Chancellor James Minor

Incoming chancellor James Minor wants to focus on listening to the campus community and ensuring that more students reach graduation.

Minor, who will become SIUE’s chancellor on March 1, said he is intentionally taking his time in developing the priorities for his time as chancellor, so that he can consult the campus community

“I really would like the benefit of hearing the voices of the SIUE community to ensure that I fully understand where we have been, how people articulate challenges and opportunities, and how we collectively come to see the future of the institution,” Minor said. “I very much would like the institutional priorities to be co-constructed with the university community. And for me, that begins with a lot of listening.”

Minor said one of the first stops on his listening tour will be the East St. Louis campus, due to concerns that have been expressed by its staff about feeling disconnected from the Edwardsville campus.

“I heard the very same concerns during my visit,” Minor said. “And so it is very important to me to work as hard as we possibly can to change the narrative that describes the relationship between the East St. Louis and Edwardsville campus."

Other potential stops on Minor’s list are student organization meetings, general education courses and intro courses, particularly in sociology since that is one of his areas of study.

Jessica Harris, chair of the Chancellor Search Committee, said what made Minor stand out was his listening skills and experience in higher education as well as his vision for SIUE’s future.

“I think he’s very attuned to who we are, but certainly where we could go and who we could be,” Harris said. “He is an accomplished scholar of higher education, a thought leader in the field, and certainly had a range of professional expertise that made him well suited and uniquely suited to be SIUE's next chancellor.”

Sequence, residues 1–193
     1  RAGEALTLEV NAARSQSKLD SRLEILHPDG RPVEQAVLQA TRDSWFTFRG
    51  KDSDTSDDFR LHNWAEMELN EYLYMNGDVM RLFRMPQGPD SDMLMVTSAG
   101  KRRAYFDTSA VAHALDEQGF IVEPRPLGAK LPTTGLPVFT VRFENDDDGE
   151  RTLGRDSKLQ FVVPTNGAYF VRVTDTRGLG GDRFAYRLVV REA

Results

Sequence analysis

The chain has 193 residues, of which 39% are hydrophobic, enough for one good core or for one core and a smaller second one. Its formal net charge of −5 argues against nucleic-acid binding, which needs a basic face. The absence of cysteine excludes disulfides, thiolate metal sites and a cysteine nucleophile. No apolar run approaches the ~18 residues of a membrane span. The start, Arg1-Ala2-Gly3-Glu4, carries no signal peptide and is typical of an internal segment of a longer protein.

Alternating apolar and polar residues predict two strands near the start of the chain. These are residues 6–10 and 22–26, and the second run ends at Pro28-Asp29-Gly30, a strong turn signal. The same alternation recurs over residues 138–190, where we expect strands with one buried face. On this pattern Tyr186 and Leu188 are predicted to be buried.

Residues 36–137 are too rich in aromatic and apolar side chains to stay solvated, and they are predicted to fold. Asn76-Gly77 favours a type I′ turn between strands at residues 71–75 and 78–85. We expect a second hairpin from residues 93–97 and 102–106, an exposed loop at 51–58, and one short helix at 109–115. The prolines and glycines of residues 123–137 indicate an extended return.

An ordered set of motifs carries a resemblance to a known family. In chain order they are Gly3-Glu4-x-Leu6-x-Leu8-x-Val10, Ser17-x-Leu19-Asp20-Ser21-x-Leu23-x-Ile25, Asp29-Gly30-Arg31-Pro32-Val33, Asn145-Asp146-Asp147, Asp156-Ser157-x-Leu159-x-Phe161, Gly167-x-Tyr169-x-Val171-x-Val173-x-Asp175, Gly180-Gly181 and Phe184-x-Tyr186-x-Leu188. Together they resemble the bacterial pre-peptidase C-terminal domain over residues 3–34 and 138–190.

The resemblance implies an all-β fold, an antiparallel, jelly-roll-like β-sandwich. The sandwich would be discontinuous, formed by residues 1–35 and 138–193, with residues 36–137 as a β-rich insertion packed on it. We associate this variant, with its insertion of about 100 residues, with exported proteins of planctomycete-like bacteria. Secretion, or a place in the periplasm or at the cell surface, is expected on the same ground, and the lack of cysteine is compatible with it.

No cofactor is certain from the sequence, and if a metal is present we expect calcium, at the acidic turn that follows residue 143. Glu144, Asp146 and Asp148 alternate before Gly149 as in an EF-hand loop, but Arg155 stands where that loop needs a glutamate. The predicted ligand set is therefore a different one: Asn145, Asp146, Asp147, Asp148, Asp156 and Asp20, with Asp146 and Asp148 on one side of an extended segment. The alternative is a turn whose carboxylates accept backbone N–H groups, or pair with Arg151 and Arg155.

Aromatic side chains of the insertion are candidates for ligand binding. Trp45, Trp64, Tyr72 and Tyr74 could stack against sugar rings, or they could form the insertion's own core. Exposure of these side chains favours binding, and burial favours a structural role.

Besides listening, Minor’s goal in higher education is to make sure students who enroll in the university make it through to commencement.

“If there's one thing that causes me to lose sleep at night, it is the idea that a student who showed up a year or two ago, did everything that they were supposed to do in high school to be admitted to college, arrive to the orientation program, their families working hard to support them in college, and for whatever reason, a year or two later, that student is no longer enrolled,” Minor said. “That bothers me personally, it bothers me professionally.”

Minor said this focus on degree completion started when he was studying for his masters. He and his class were looking at a national data set on quality of life and life satisfaction variables. They found that regardless of demographics, the main indicator of a good life was a college education, but there were disparities in who had access to one.

“If there was something that I could do to increase the likelihood that deserving individuals had an opportunity to earn a college degree, I was convinced at that moment in time, that it could literally change their lives, change the quality of their lives,” Minor said.

Minor is also taking the community surrounding campus into consideration for SIUE’s future. He said the Metro East has a rich history and he would like for the university to be more prominent in the area.

“But my ambition quite honestly is for SIUE to define the region,” Minor said. “So when people reference the Metro East, what comes to mind is SIUE, which is a beacon of opportunity, culture, intellectualism, problem solving and community engagement.”

Harris said she is looking forward to seeing where the university will go under Minor’s leadership and believes SIUE will become “a first-class institution.”

“Any time you get new leadership coming into an institution, the sky's the limit. There's so many opportunities, so many possibilities,” Harris said. “And so I'm just excited about Dr. Minor and what his leadership will bring, and the type of institution that we'll be able to build together.”

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